“The department head that came in here with the promise of reconciling differences has made things much worse,” Chernomas said.
“We’ve been suppressed and isolated and the department is being changed without any regard to our rights and interests.”
Chernomas provided the Manitoban with a letter signed by six members of the U of M economics department outlining what they view as an inadequate response from U of M senior administration to the recommendations in the CAUT report.
The recommendations revolve around a perceived restoration of balance within the department, ensuring that both heterodox and mainstream professors are well represented on committees responsible for curriculum development and faculty hires.
However, CAUT also recommends that an acting head from outside the department be appointed to replace Bose, that the curriculum be immediately reviewed with heterodox input, and that the next three department hires should be heterodox economists.
Despite the CAUT recommendations, Bose is seeking a renewal of his term as department head.
The other side
The CAUT report has been met with consternation by both senior administration and several faculty members in the department of economics.
University of Manitoba president David Barnard would not comment when contacted by the Manitoban through marketing and communications last week. However, he has provided several detailed statements on the matter to the University of Manitoba senate and to the wider campus community.
“We do find ways in our society and in our academic communities to protect against the ongoing disadvantaging of minorities by the majority, often taking longer than many of us would like to bring changes about. But we do this when there is clear evidence of inequity,” Barnard said in a statement.
“It is reckless to suggest that a majority of members of an academic unit acting through established collegial processes is being tyrannical, without a great deal of evidence in hand—and carefully weighed—to support that conclusion. There is no indication in the report that the committee had such evidence.”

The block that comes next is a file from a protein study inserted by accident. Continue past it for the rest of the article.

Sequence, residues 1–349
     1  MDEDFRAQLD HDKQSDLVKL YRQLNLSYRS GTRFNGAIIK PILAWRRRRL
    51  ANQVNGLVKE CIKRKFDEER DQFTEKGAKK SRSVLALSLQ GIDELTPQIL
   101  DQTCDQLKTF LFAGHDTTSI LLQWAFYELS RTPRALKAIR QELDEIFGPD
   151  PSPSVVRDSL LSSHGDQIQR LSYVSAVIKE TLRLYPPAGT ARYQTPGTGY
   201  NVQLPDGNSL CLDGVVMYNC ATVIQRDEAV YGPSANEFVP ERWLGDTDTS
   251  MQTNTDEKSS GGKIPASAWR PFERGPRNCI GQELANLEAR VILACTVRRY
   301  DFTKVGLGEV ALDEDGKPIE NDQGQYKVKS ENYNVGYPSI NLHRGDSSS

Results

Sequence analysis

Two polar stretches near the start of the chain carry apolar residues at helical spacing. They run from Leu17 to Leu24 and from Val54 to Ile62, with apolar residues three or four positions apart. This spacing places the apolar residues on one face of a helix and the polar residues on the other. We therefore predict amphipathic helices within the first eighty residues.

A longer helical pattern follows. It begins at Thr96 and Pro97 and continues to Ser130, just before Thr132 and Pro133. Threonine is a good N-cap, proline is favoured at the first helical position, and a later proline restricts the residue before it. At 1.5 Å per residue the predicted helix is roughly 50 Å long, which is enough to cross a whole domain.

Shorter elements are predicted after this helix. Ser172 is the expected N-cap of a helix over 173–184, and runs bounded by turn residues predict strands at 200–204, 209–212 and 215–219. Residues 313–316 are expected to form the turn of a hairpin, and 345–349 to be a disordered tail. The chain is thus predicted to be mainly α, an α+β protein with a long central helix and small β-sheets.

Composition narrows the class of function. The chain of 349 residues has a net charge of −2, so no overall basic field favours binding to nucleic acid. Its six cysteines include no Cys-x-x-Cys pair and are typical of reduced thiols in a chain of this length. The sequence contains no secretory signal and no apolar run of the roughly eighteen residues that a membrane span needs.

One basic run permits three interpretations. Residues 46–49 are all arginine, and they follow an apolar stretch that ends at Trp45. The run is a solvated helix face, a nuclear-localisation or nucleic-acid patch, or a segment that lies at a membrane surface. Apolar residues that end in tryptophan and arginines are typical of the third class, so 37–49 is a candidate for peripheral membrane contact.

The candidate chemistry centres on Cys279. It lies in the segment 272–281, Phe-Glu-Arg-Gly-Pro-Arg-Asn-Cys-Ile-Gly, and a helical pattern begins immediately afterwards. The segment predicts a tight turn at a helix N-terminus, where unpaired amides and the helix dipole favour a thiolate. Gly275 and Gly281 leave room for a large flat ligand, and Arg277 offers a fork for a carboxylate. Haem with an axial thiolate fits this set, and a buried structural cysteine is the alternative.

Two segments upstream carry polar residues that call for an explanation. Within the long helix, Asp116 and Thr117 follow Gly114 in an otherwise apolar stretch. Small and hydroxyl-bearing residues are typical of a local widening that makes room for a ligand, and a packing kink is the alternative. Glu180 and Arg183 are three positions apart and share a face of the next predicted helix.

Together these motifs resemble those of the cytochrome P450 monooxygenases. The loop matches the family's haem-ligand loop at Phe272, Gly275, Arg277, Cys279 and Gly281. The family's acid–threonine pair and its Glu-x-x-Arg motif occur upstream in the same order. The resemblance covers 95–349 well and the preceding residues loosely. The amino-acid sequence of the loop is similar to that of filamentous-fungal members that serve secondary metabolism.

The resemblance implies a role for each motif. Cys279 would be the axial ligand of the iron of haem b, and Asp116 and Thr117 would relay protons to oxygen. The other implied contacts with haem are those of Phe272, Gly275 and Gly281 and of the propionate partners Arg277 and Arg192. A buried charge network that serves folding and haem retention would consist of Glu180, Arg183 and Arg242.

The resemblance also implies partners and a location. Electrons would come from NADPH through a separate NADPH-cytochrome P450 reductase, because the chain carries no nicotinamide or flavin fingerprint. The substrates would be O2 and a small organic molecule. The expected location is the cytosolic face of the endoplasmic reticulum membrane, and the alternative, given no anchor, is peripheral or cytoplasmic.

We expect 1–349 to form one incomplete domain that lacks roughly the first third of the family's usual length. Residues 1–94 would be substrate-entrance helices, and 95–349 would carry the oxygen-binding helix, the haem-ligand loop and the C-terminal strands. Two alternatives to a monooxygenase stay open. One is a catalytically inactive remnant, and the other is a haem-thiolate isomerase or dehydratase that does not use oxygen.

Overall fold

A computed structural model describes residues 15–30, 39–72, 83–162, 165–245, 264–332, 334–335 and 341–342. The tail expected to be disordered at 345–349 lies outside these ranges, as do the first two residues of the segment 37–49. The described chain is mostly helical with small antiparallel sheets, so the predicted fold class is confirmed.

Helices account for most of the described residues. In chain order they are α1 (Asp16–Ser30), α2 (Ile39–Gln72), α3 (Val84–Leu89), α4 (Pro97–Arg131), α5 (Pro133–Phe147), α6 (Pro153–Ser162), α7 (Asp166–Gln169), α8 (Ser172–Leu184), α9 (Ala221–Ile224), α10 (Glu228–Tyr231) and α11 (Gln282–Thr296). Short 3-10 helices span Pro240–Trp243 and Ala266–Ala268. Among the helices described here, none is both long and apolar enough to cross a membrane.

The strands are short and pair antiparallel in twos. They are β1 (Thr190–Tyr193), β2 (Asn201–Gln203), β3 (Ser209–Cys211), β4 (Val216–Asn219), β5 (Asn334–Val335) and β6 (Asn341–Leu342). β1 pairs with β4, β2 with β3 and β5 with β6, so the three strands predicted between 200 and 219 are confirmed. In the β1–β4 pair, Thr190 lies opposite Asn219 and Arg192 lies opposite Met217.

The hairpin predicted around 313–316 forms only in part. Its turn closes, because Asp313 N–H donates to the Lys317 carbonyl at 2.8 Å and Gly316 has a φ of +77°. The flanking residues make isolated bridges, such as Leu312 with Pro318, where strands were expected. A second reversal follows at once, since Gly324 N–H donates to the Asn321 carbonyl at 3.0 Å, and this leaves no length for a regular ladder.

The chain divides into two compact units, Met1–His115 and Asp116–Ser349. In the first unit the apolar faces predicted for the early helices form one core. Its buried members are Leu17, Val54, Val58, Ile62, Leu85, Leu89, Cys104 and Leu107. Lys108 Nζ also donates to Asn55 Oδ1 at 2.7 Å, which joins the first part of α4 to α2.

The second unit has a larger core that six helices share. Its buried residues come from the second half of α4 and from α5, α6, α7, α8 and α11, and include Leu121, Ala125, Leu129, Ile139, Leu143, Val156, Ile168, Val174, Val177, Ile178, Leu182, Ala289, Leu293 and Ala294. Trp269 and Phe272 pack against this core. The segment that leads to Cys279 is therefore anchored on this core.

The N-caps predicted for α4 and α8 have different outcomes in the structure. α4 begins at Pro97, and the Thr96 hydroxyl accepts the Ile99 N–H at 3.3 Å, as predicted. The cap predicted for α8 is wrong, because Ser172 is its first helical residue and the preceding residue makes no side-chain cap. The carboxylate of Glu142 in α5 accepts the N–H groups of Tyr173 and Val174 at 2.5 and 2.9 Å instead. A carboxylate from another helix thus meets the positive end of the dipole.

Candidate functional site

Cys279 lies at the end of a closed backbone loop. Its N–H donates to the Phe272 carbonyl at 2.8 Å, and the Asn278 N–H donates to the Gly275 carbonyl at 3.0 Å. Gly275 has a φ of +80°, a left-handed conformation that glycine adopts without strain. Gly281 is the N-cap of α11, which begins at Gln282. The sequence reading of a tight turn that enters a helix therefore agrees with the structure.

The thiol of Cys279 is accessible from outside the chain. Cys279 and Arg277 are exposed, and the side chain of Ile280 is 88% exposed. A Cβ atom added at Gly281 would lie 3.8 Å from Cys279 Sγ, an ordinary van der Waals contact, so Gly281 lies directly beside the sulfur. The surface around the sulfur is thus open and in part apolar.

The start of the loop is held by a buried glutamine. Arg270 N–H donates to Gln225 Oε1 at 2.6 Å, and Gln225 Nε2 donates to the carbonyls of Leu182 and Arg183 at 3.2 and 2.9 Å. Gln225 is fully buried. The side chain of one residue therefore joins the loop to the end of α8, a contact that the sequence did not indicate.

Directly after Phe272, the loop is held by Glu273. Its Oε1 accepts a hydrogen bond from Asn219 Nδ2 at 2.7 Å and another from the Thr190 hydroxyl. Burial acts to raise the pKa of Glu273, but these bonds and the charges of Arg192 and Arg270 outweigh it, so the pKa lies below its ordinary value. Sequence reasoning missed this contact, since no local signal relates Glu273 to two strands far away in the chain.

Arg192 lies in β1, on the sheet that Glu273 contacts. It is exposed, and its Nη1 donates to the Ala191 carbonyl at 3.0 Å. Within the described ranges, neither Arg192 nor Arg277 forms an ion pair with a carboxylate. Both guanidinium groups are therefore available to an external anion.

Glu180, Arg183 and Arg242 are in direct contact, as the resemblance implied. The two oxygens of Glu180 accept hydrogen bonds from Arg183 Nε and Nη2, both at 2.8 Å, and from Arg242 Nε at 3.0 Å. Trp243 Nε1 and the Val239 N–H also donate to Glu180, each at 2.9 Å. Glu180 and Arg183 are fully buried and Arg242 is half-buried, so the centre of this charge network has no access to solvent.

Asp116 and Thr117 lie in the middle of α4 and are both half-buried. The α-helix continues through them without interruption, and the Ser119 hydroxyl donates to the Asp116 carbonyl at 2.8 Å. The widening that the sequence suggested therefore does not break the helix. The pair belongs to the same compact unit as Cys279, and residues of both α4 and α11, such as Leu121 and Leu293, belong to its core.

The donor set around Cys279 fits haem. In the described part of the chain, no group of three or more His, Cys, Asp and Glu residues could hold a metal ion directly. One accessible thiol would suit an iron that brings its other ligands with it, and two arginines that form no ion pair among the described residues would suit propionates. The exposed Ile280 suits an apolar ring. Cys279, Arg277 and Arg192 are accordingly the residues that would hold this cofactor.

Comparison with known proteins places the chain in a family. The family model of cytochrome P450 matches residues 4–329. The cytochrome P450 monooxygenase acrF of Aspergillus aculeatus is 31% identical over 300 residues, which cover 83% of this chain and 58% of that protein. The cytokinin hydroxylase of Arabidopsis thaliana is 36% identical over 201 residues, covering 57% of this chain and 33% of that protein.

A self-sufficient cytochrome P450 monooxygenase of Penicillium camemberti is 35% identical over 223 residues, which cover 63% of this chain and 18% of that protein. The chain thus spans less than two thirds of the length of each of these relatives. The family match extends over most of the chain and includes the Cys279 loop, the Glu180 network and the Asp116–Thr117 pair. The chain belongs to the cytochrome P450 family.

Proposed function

All faculty and administrative staff were informed of the investigation and encouraged by CAUT to participate. However, most chose to remain silent.
According to Janice Compton, an economics professor at the U of M, their refusal to participate stems from a perception of bias on the part of the investigators.
Compton was particularly outspoken about the CAUT report, writing a scathing critique of the national union’s investigation on a blog she maintains with her husband, Ryan, also a U of M economics professor. When contacted by the Manitoban, she vigorously defended the silence of her colleagues.
“Spending time responding to this and going through the recommendations they made when it’s being made on biased information to begin with doesn’t seem to be a valid use of time, in my opinion,” Compton said.
“I think this whole report should have just been ignored.”
In particular, Compton maintains that changes to the undergraduate and graduate curricula were made through a collaborative process that ultimately benefits the department and responds directly to student needs.
At the undergraduate level, the department has increased quantitative requirements by bolstering economic theory and econometrics. These changes will take effect this fall.
At the graduate level, the department has removed some heterodox and mainstream elective requirements, reducing the overall number of courses needed to graduate. According to Compton, those changes will likely be implemented in the 2016-17 academic year.
“This is out of a desire of the majority of the department to have standards that are consistent with the other economics departments across the country so that our graduates are trained in the same quantitative skills that the other graduates have,” she said of the curriculum changes.
“It has moved toward a more standard curriculum that is similar to other universities.”